11 January 2011
The National Clinical Assessment Service (NCAS) has dealt with its highest number of referrals in a six month period, as NHS organisations prepare for revalidation.
The growth was seen amongst referrals of doctors specifically (423 in April-September 2010, compared with 363 in the same period in 2009), according to figures published today.
Director of NCAS, Professor Alastair Scotland, said: “I believe the statistics are linked to efforts by NHS organisations to strengthen governance systems in advance of medical revalidation coming into force, rather than an upsurge in performance problems.
“These data point to a concerted effort by health services to go upstream and address difficulties at the earliest opportunity”.
In the six month period between April-September 2010, NHS organisations made 525 requests for advice on handling of concerns about practitioner performance. In 33 cases NCAS was asked for general advice about the most effective way of managing concerns but most of the requests, 492, were about the work of specific practitioners.
Professor Alastair Scotland, added: “NCAS works closely with NHS organisations to support local systems for dealing with performance concerns. I believe we have even more to offer in this new governance context. If revalidation is effective, we should see concerns identified well before they become ingrained and much more difficult to address, with the clear aim of avoiding harm to patients’’.
Other statistics in this latest operational report show continuing wide use of NCAS services. Amongst just over 400 NHS organisations providing patient services in the UK in 2010:
- 231 organisations across the UK made at least one referral to NCAS in the first six months of 2010/11 – more than one organisation in two;
- At the end of September 2010 NCAS cases were active/open in 207 NHS organisations - again, more than one organisation in two.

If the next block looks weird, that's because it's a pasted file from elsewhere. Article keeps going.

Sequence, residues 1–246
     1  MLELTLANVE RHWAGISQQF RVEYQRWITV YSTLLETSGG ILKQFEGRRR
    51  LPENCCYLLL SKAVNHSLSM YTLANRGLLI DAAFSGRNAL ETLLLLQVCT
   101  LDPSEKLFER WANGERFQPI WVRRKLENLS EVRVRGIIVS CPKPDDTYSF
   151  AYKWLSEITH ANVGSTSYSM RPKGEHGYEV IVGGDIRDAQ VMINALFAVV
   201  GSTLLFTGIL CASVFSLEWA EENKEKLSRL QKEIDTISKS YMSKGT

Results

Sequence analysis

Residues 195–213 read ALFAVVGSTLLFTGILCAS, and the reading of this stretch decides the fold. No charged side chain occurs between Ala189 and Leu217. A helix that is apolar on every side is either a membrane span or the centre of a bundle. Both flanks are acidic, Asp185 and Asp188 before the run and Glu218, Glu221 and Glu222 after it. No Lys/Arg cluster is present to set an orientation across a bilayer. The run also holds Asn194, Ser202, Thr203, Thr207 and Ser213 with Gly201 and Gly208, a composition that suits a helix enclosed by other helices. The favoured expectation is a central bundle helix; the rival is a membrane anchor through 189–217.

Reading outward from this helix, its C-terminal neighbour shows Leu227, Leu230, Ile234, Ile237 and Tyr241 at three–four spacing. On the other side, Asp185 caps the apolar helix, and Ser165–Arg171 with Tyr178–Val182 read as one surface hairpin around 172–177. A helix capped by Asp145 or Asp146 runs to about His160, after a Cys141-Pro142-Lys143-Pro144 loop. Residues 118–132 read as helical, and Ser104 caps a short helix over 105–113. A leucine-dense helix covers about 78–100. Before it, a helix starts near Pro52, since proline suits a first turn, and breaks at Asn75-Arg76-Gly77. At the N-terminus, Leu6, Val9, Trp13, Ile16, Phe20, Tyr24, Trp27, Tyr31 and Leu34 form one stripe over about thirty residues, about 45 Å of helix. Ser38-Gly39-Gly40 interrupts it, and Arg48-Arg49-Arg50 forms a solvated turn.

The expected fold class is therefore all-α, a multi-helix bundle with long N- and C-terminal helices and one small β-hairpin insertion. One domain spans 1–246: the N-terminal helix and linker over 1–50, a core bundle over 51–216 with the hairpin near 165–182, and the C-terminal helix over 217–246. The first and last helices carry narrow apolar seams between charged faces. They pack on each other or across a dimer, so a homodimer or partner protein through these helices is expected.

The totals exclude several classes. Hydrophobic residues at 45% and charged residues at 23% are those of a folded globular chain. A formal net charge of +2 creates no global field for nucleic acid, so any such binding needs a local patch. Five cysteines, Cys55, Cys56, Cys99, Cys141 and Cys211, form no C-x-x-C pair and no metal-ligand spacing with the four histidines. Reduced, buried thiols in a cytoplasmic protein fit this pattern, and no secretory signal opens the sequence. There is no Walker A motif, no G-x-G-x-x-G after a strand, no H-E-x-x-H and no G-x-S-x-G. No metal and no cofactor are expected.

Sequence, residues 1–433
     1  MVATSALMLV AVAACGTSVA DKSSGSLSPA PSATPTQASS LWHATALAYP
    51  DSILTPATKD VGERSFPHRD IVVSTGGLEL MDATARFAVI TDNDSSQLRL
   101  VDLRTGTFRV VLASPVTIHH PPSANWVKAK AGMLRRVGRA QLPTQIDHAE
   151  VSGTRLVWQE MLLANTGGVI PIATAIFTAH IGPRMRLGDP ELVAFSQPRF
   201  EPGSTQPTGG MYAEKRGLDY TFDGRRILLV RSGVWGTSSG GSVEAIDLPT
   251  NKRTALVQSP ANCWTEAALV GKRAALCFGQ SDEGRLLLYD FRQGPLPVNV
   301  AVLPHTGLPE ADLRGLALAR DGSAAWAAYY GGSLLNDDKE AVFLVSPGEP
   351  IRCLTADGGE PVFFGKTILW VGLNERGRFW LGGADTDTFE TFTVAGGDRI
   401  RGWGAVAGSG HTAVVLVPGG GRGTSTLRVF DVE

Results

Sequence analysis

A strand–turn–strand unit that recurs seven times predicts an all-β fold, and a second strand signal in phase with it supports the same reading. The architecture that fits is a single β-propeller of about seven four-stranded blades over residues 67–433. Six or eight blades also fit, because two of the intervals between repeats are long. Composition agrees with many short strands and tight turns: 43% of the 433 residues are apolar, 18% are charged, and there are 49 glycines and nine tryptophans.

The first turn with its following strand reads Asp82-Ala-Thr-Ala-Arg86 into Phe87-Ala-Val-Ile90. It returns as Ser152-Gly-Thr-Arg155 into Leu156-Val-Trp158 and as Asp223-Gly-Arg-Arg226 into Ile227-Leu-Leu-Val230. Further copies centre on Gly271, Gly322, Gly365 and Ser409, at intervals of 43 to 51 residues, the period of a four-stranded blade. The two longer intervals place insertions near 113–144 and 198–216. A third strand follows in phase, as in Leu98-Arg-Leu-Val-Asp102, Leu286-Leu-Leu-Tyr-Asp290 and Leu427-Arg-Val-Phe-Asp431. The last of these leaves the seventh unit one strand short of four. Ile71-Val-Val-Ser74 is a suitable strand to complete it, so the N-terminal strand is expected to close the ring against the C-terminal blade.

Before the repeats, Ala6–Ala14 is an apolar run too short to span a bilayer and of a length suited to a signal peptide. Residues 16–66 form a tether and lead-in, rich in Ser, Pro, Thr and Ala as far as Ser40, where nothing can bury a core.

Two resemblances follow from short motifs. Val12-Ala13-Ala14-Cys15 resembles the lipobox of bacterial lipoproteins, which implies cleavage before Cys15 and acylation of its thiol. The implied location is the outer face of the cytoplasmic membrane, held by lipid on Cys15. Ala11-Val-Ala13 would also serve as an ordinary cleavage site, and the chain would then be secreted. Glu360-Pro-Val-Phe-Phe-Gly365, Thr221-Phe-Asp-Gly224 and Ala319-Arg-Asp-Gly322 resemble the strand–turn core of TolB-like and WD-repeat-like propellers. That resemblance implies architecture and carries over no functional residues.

Professor Scotland continued: “It is clear with this increased demand on our service that there is a continuing commitment across the NHS to governance and quality. NCAS aims to be part of frontline governance and quality of health services and it is gratifying that these figures reflect this”.
“They also show that medical directors continue to position NCAS as a key part of their governance arrangements within their organisations. We are delighted that our service will continue to provide such support in the future”.
For further information, please see the 2010-11 mid-year casework activity report at www.ncas.npsa.nhs.uk/publications/statistics/
Notes to editors
1. NCAS provides general and specialist advice to help organisations address concerns about the practice of individual dentists, doctors or pharmacists or, in some cases, of practice teams. NCAS also undertakes formal assessment of practitioners.
2. NCAS is currently a division of the National Patient Safety Agency (NPSA). In July 2010, the Department of Health published its review of Arm’s Length Bodies – Liberating the NHS: Report of the arms-length bodies review. Although the report announced abolition of NPSA, it did stipulate that NCAS functions are to continue. NCAS services will continue to remain free to NHS organisations until the service becomes self funding – expected within two-three years.
3. Certain statistics produced by NPSA and NCAS are designated ‘official’ (by the Official Statistics Order 2009 – SI2001 no 753). Casework activity reports are one of three NCAS official statistics products and NCAS was guided in its production by the requirements of the Code of Practice for Official Statistics published in 2009 by the UK Statistics Authority. For more information about the current report or other NCAS statistics, contact the Information and Knowledge Management Team on 0207 062 1655.
4. For other information about this press release, please contact Simon Morgan, Senior Communications Manager, on 0207 062 1631/07500 224240 or e-mail email@example.com